The quantitative data from the semi-structured interviews was entered and analysed in Microsoft Excel, and descriptive statistics was computed.

Ethical considerations

Ethical clearance was obtained from the Institutional Ethics Committee of Public Health Foundation of India, New Delhi. The study was also approved by the Research Committee, Department of Health and Family Welfare, Government of Odisha. Informed consent was obtained from all the study participants. All steps were taken to maintain confidentiality and anonymity of the respondents.

Limitations of the study

As our sample size was small to get in-depth responses from the respondent, we do not claim the views expressed are representative of doctors in the state of Odisha or other states in India. Further, we have included perceptions of only one type of stakeholders, i.e. doctors on implementation of policies. Undertaking multi-stakeholder perspectives might yield a more comprehensive picture on the practice of policies.

Results

Table 1 summarizes the findings on the policies related to recruitment, deployment and promotion, their implementation and views and suggestions of doctors interviewed.
Table 1

Summary of findings

Policy

Implementation and views of the doctors interviewed

Suggestions by doctors interviewed

Recruitment

  

 Explicit rules for recruitment done by OPSC for permanent positions.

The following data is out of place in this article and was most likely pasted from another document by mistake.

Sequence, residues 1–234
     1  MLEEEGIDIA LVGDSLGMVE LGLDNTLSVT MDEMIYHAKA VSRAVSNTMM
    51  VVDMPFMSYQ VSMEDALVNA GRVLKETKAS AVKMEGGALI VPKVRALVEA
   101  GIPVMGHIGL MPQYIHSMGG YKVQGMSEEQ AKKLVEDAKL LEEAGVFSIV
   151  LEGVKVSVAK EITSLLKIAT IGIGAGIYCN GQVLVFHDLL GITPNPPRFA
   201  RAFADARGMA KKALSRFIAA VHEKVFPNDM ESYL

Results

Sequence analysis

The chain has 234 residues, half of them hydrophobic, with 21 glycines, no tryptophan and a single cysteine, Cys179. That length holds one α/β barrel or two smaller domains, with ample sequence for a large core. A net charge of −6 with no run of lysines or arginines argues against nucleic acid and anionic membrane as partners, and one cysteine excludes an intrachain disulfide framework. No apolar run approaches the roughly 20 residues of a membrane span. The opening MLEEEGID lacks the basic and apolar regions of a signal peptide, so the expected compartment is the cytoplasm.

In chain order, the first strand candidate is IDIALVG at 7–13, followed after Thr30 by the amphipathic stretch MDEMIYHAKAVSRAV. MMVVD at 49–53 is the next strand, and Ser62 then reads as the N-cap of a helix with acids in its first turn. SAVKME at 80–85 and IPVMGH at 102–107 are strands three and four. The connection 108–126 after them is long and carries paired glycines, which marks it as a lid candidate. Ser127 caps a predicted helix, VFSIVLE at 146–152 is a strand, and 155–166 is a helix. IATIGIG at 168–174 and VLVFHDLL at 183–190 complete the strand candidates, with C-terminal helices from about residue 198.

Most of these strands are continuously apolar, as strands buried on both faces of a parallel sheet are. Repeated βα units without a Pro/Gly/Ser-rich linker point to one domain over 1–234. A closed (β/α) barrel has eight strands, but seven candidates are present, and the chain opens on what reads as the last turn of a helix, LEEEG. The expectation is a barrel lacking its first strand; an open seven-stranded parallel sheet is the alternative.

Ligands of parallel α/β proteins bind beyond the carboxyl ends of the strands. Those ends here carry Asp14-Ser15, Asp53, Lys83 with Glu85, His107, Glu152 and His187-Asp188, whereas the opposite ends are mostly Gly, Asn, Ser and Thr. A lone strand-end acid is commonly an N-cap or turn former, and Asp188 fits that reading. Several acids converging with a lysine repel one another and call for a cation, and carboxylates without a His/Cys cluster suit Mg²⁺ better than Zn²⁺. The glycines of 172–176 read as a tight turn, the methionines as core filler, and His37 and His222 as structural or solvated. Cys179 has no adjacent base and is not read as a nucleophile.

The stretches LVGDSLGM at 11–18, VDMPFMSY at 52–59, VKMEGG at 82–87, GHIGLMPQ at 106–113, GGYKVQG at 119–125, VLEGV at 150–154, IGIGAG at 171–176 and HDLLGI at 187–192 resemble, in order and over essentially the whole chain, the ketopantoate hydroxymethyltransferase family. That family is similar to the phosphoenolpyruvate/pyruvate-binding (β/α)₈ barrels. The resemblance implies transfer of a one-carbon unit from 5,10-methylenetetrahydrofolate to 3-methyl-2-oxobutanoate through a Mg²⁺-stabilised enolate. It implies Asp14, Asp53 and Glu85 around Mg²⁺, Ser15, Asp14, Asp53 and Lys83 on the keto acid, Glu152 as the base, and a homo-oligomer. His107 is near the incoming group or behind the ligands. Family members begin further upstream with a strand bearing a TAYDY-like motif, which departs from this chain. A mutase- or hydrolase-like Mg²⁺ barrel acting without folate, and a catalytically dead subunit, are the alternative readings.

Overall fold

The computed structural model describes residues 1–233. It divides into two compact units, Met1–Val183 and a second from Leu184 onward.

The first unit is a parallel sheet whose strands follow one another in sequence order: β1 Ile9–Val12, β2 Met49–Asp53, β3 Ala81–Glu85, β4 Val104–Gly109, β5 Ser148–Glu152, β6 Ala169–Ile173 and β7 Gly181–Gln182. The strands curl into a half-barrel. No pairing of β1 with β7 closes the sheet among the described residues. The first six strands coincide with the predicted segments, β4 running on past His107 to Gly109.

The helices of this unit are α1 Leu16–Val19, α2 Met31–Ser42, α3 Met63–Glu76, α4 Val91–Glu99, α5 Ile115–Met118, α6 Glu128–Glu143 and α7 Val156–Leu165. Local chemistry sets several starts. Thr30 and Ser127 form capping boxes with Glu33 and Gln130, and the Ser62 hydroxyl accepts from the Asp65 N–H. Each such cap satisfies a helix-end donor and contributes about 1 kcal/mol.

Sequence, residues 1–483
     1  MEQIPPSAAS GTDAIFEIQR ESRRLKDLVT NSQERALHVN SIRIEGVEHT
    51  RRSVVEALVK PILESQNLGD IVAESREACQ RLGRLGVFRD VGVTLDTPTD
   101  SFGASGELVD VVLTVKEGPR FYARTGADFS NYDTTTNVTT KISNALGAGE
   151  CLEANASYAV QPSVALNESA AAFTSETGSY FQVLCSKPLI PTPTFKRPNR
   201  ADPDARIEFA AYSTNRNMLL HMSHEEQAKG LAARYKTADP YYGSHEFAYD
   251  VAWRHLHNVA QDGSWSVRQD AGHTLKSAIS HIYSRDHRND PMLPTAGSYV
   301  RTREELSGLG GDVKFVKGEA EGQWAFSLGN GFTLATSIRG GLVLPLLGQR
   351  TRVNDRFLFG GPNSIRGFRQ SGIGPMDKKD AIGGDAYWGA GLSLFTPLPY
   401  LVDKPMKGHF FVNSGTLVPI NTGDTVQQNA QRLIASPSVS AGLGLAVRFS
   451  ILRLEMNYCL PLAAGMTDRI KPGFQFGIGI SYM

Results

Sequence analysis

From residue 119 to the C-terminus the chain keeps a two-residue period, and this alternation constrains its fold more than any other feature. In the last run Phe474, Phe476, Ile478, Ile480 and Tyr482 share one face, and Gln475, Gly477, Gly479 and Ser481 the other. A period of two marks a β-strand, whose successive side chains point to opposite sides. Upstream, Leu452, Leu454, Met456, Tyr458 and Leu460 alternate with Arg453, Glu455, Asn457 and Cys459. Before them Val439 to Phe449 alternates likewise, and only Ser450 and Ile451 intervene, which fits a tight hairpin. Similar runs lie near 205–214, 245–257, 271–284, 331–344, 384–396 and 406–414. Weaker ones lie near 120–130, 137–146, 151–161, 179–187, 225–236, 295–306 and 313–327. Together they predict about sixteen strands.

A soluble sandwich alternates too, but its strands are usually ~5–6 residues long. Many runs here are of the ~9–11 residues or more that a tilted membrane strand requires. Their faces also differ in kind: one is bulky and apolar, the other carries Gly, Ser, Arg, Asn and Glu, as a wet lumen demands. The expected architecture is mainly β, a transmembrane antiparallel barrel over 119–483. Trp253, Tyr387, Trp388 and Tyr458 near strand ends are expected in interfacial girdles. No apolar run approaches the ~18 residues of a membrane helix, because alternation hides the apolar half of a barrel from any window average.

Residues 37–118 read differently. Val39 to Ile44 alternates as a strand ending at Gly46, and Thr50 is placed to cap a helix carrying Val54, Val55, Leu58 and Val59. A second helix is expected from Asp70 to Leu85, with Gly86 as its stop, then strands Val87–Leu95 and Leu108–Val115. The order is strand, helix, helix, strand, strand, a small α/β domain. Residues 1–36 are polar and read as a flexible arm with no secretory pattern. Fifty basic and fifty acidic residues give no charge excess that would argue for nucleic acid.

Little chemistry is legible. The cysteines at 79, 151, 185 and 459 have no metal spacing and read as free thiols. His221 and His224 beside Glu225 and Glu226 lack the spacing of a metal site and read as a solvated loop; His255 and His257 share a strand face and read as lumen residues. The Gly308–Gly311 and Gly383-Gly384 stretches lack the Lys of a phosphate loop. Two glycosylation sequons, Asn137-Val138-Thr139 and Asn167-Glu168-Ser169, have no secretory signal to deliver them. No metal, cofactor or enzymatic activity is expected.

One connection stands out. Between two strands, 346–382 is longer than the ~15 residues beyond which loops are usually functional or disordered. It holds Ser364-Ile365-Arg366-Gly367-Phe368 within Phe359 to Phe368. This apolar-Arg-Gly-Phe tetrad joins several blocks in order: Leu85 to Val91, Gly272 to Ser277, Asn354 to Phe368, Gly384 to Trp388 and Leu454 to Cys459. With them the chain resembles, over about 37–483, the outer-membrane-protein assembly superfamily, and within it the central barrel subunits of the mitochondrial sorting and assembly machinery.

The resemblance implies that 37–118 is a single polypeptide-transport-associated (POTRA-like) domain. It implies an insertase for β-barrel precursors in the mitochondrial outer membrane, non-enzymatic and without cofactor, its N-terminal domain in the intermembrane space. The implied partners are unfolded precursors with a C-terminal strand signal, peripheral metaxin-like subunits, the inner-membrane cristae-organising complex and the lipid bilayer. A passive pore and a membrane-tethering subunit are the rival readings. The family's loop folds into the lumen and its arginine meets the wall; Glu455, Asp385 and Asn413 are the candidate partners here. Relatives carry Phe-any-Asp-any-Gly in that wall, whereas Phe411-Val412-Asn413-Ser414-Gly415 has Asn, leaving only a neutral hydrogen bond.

Open to all medical doctors with a maximum age limit of 32 years.

 DOHFW can do direct recruitment for temporary and ad hoc positions.

 DOHFW at the state level is responsible for all recruitments.

Recruitment was done as per the set rules.

OPSC exams were conducted annually.

Two thirds of doctors interviewed were aware of the recruitment processes. However, scoring and ranking system in OPSC exams was not clear to them.

Doctors interviewed preferred to join government service only after selection through OPSC.

Continue current recruitment policy through OPSC with more clarity on scoring and ranking system.

Recruitment on ad hoc basis should be stopped.

Deployment

  

 It is mandatory for each government doctor to serve at least 3 years in the KBK districts.

 No clearly delineated guideline for placement or transfer of doctors across primary, secondary and tertiary care facilities.

 Any doctor can be transferred across the state after 3 years of service in a single location.

 DOHFW at state level is responsible for deployment of recruited doctors.

Out of 56 doctors interviewed from non-KBK districts, 32 (57%) had never worked in KBK districts.

Two thirds of doctors interviewed remained in the same region (KBK or non-KBK) where they had started their service.

There were 3.0, 2.0 and 2.2 average transfers in the first, second and third decade of their service, respectively. This was less than the stipulated policy of minimum 3 years of service to be eligible for transfer.